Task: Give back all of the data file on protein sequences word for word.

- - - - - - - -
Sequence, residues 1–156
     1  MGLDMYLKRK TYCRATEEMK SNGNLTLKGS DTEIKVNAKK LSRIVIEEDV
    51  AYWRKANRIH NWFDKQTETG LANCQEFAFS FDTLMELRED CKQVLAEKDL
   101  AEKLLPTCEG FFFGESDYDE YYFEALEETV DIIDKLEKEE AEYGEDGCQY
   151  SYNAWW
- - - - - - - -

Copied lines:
Sequence, residues 1–156
     1  MGLDMYLKRK TYCRATEEMK SNGNLTLKGS DTEIKVNAKK LSRIVIEEDV
    51  AYWRKANRIH NWFDKQTETG LANCQEFAFS FDTLMELRED CKQVLAEKDL
   101  AEKLLPTCEG FFFGESDYDE YYFEALEETV DIIDKLEKEE AEYGEDGCQY
   151  SYNAWW